WASHINGTON (Reuters) – U.S. President Joe Biden on Monday signed a bill that requires declassification of information related to the origins of the coronavirus that causes COVID-19, the White House said.
Biden said he shared Congress’ goal of releasing as much information as possible about the origin of COVID-19.
“In implementing this legislation, my administration will declassify and share as much of that information as possible, consistent with my constitutional authority to protect against the disclosure of information that would harm national security,” Biden said in a statement.
The bill sailed through the Senate and House of Representatives without opposition before being sent to the White House.
Washington has been conducting a highly politicized debate about the origins of the coronavirus pandemic almost since the first human cases were reported in the Chinese city of Wuhan in late 2019, retin hemorrhagic amid calls from both Biden’s fellow Democrats and Republicans to push back harder against a rising China.
The debate was refueled last month, when the Wall Street Journal reported that the U.S. Energy Department had assessed with that the pandemic likely arose from a Chinese laboratory leak, an assessment Beijing denies.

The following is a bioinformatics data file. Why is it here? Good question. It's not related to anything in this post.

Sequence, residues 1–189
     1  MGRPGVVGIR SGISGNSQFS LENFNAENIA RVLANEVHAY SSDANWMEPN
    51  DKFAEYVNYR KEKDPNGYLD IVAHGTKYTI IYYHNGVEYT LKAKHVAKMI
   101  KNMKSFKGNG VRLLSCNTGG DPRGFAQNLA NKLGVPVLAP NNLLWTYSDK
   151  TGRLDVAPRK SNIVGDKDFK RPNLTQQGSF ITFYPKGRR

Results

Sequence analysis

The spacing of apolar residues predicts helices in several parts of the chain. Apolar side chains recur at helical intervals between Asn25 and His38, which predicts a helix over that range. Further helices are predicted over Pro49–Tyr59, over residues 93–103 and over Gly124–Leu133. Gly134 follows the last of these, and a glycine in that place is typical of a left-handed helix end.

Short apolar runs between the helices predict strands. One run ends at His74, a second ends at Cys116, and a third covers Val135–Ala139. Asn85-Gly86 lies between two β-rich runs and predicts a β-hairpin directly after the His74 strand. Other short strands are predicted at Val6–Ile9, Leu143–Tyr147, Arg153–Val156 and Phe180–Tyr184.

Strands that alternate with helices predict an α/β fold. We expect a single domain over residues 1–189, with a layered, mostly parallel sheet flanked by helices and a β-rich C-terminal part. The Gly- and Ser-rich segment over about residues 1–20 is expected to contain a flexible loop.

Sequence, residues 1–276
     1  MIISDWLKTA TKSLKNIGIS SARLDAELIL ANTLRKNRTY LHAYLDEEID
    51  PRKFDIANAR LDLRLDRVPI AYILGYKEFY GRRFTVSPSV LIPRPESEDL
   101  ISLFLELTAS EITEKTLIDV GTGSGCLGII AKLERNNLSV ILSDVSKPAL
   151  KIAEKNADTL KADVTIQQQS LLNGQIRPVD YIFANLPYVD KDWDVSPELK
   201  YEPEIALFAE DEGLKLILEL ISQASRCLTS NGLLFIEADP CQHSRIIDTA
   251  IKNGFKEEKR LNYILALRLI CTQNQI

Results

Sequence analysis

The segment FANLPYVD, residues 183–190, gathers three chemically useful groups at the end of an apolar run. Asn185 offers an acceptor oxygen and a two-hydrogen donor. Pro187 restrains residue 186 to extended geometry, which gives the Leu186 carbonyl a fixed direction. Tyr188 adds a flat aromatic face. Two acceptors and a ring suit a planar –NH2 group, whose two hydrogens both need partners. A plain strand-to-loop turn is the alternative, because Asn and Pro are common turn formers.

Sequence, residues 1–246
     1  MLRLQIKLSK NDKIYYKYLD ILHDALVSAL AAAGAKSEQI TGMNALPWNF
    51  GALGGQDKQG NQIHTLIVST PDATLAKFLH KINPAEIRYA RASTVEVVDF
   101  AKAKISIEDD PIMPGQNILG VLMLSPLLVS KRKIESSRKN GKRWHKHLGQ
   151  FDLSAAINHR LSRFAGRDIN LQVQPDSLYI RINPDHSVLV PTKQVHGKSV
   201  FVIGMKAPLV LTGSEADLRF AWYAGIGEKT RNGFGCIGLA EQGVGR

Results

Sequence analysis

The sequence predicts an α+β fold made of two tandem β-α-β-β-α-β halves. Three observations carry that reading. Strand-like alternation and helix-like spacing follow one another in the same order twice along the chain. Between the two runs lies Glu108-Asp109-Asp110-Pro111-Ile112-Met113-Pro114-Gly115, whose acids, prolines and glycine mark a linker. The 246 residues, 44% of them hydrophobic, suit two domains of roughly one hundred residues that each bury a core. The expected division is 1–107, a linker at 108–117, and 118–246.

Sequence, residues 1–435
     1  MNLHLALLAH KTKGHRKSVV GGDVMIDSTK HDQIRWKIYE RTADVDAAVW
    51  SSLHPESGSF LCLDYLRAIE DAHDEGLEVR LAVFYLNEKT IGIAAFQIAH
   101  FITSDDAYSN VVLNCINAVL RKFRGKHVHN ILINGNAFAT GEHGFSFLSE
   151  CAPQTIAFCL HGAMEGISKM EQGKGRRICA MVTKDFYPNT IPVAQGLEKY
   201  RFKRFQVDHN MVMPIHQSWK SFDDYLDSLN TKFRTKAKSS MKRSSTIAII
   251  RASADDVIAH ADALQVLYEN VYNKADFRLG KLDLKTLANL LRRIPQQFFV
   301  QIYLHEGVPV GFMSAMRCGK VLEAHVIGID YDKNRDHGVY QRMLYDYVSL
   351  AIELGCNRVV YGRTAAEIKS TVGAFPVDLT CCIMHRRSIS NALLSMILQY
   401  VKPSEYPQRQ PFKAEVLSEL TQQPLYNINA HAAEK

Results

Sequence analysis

The department made its judgment with “low confidence” in a classified intelligence report. The FBI has also assessed that the pandemic likely originated from a lab leak. Four other U.S. agencies still judge that COVID-19 was likely the result of natural transmission, while two are undecided.
Many U.S. officials have said the pandemic’s origins may never be known. China said claims that a laboratory leak likely caused the pandemic have no credibility.
Biden noted that he had directed intelligence agencies to investigate COVID-19’s origins in 2021, that work is ongoing and his administration would continue to review all classified information, including potential links to the Wuhan Institute of Virology.
“We need to get to the bottom of COVID-19’s origins to help ensure we can better prevent future pandemics,” he said.
(Reporting by Patricia Zengerle; additional reporting by Kanishka Singh and Costas Pitas; Editing by Tim Ahmann and Bill Berkrot)
Source: Read Full Article